Numerous molecular abnormalities have been described in lymphomas. They are of diagnostic and prognostic value and are taken into account for the WHO classification of these tumors. They also shed some light on the underlying molecular mechanisms involved in lymphomas. Overall, four types of molecular abnormalities are involved: mutations, translocations, amplifications and deletions of tumor suppressor genes. Several techniques are available to detect these molecular anomalies: conventional cytogenetic analysis, multicolor FISH, CGH array or gene expression profiling using DNA microarrays. In some lymphomas, genetic abnormalities are responsible for the expression of an abnormal protein (e.g. tyrosine-kinase, transcription factor) detectable by immunohistochemistry. In the present review, molecular abnormalities observed in the most frequent B, T or NK cell lymphomas are discussed. In the broad spectrum of diffuse large B-cell lymphomas microarray analysis shows mostly two subgroups of tumors, one with gene expression signature corresponding to germinal center B-cell-like (GCB: CD10+, BCL6 [B-Cell Lymphoma 6]+, centerine+, MUM1-) and a subgroup expressing an activated B-cell-like signature (ABC: CD10-, BCL6-, centerine-, MUM1+). Among other B-cell lymphomas with well characterized molecular abnormalies are follicular lymphoma (BCL2 deregulation), MALT lymphoma (Mucosa Associated Lymphoid Tissue) [API2-MALT1 (mucosa-associated-lymphoid-tissue-lymphoma-translocation-gene1) fusion protein or deregulation BCL10, MALT1, FOXP1. MALT1 transcription factors], mantle cell lymphoma (cycline D1 [CCND1] overexpression) and Burkitt lymphoma (c-Myc expression). Except for ALK (anaplastic lymphoma kinase)-positive anaplastic large cell lymphoma, well characterized molecular anomalies are rare in lymphomas developed from T or NK cells. Peripheral T cell lymphomas not otherwise specified are a heterogeneous group of tumors with frequent but not recurrent molecular abnormalities

  18. Feeling Abnormal: Simulation of Deviancy in Abnormal and Exceptionality Courses.

    ERIC Educational Resources Information Center

    Fernald, Charles D.

    1980-01-01

    Describes activity in which student in abnormal psychology and psychology of exceptional children classes personally experience being judged abnormal. The experience allows the students to remember relevant research, become sensitized to the feelings of individuals classified as deviant, and use caution in classifying individuals as abnormal.…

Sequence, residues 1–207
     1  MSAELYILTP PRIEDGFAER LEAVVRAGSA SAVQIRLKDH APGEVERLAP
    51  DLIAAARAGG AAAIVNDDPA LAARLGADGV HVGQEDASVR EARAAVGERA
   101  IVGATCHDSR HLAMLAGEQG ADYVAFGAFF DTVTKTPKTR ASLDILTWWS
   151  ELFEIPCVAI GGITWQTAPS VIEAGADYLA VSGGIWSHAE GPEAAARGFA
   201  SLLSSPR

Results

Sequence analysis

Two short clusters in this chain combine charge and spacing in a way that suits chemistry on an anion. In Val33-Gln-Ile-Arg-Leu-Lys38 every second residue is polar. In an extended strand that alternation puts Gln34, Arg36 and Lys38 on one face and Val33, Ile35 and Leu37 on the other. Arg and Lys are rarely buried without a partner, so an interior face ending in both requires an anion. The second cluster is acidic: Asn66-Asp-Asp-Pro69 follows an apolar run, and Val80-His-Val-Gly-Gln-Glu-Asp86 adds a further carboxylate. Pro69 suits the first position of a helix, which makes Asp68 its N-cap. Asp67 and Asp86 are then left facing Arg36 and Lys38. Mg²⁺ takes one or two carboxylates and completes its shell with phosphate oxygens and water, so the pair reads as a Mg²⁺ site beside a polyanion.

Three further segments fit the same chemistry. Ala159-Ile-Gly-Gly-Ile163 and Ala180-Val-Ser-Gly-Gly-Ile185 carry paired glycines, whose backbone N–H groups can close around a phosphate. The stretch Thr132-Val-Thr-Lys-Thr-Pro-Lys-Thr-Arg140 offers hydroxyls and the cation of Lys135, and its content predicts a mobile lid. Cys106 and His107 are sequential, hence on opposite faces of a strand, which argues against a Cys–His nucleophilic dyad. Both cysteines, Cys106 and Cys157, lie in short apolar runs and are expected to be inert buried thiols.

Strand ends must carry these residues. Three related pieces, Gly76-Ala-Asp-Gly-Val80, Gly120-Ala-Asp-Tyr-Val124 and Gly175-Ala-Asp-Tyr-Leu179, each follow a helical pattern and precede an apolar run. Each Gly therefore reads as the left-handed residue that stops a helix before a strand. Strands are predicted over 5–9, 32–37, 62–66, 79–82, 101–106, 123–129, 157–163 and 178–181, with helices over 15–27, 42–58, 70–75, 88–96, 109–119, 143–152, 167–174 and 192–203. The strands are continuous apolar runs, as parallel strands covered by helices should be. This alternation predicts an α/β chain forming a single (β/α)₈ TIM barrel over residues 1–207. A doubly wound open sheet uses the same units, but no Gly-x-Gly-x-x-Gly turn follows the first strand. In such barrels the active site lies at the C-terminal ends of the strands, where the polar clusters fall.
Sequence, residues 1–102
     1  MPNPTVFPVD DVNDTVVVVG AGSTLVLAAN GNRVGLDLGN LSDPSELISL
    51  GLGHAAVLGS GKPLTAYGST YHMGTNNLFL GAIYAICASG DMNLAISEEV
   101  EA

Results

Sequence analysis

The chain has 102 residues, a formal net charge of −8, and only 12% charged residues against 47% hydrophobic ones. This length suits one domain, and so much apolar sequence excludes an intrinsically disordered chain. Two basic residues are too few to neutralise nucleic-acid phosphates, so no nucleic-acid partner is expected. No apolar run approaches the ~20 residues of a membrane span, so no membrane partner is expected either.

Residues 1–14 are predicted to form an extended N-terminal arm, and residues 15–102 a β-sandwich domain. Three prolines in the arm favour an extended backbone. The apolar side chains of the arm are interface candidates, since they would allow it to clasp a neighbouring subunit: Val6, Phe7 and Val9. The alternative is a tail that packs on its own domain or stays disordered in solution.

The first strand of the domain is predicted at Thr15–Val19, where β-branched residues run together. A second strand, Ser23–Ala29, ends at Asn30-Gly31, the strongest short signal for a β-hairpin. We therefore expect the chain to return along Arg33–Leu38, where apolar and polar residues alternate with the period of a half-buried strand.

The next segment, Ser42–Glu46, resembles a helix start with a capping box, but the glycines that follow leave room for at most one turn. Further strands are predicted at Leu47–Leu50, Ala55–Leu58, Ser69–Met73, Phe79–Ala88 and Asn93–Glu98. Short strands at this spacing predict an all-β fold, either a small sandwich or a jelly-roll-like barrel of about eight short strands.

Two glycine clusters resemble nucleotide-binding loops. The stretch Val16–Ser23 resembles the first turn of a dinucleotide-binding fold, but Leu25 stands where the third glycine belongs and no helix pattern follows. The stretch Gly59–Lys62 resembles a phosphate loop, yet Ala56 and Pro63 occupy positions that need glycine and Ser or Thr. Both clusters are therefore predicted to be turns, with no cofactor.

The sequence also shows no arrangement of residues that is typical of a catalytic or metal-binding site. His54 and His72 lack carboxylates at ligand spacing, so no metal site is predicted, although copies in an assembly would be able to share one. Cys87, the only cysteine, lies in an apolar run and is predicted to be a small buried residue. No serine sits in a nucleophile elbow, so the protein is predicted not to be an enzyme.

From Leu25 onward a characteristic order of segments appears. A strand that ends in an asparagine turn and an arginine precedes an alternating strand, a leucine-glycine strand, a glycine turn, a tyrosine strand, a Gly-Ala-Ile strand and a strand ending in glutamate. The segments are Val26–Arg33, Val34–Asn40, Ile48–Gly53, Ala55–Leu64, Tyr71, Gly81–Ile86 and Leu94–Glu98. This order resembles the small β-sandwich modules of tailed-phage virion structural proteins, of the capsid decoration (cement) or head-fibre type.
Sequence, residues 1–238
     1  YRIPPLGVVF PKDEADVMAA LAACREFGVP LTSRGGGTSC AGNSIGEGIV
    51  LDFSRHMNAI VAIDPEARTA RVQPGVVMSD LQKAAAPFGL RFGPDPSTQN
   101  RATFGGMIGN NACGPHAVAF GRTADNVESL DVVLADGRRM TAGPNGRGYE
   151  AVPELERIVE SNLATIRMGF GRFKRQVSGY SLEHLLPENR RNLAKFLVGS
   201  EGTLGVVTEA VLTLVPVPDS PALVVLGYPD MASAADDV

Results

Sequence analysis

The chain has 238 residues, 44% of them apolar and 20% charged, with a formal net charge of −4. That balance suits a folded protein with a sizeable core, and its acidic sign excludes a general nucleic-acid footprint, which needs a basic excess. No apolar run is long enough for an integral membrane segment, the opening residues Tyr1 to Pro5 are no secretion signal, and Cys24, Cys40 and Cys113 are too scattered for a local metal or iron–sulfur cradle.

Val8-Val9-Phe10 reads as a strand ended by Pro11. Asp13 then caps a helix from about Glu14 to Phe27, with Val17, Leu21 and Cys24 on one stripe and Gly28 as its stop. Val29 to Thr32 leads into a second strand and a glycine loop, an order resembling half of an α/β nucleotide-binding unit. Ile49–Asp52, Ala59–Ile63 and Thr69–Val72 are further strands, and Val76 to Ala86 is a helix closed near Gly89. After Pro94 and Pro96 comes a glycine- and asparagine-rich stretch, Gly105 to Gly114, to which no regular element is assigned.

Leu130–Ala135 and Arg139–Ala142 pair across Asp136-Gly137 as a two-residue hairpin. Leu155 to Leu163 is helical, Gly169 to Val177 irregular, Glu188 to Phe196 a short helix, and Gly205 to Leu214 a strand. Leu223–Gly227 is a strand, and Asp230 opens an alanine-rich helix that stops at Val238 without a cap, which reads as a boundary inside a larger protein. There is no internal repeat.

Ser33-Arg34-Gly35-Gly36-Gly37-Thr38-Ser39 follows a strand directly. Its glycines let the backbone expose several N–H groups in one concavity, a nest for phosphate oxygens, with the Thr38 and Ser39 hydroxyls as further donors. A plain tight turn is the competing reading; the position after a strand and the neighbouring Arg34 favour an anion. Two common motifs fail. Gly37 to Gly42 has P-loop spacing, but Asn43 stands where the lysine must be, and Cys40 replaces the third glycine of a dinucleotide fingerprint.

19. Early-life environment and adult stature in Brazil: an analysis for cohorts born between 1950 and 1980.

    PubMed

    de Oliveira, Victor Hugo; Quintana-Domeque, Climent

    2014-12-01

    We study the relationship between environmental conditions at birth (GDP per capita and infant mortality rate) and adult stature using cohort-state level data in Brazil for the period 1950-1980. We find that GDP per capita, whose annual percentage growth rate was 4.8% during this period, not infant mortality rate, is a robust correlate of population stature in Brazil. Our results are robust to a battery of robustness checks. Using a useful bracketing property of the (state) fixed effects and lagged dependent variables (heights) estimators, we find that an increase in GDP per capita of the magnitude corresponding to that period is associated with 43-68% of the increase in adult height occurring in the same time span. Income, not disease, appears to be the main correlate of Brazilian population heights in the second half of the 20th Century.

  20. Does natural selection favour taller stature among the tallest people on earth?

    PubMed

    Stulp, Gert; Barrett, Louise; Tropf, Felix C; Mills, Melinda

    2015-05-07

    The Dutch are the tallest people on earth. Over the last 200 years, they have grown 20 cm in height: a rapid rate of increase that points to environmental causes. This secular trend in height is echoed across all Western populations, but came to an end, or at least levelled off, much earlier than in The Netherlands. One possibility, then, is that natural selection acted congruently with these environmentally induced changes to further promote tall stature among the people of the lowlands. Using data from the LifeLines study, which follows a large sample of the population of the north of The Netherlands (n = 94 516), we examined how height was related to measures of reproductive success (as a proxy for fitness). Across three decades (1935-1967), height was consistently related to reproductive output (number of children born and number of surviving children), favouring taller men and average height women. This was despite a later age at first birth for taller individuals. Furthermore, even in this low-mortality population, taller women experienced higher child survival, which contributed positively to their increased reproductive success. Thus, natural selection in addition to good environmental conditions may help explain why the Dutch are so tall.

  1. Comparing the Relationship Between Stature and Later Life Health in Six Low and Middle Income Countries

    PubMed Central

    McGovern, Mark E.

    2014-01-01

    This paper examines the relationship between stature and later life health in 6 emerging economies, each of which are expected to experience significant increases in the mean age of their populations over the coming decades. Using data from the WHO Study on Global Ageing and Adult Health (SAGE) and pilot data from the Longitudinal Ageing Study in India (LASI), I show that various measures of health are associated with height, a commonly used proxy for childhood environment. In the pooled sample, an additional 10cm increase in height is associated with between a 2 and 3 percentage point increase in the probability of being in very good or good self-reported health, a 3 percentage point increase in the probability of reporting no difficulties with activities of daily living or instrumental activities of daily living, and between a fifth and a quarter of a standard deviation increase in grip strength and lung function. Adopting a methodology previously used in the research on inequality, I also summarise the height-grip strength gradient for each country using the concentration index, and provide a decomposition analysis. PMID:25590021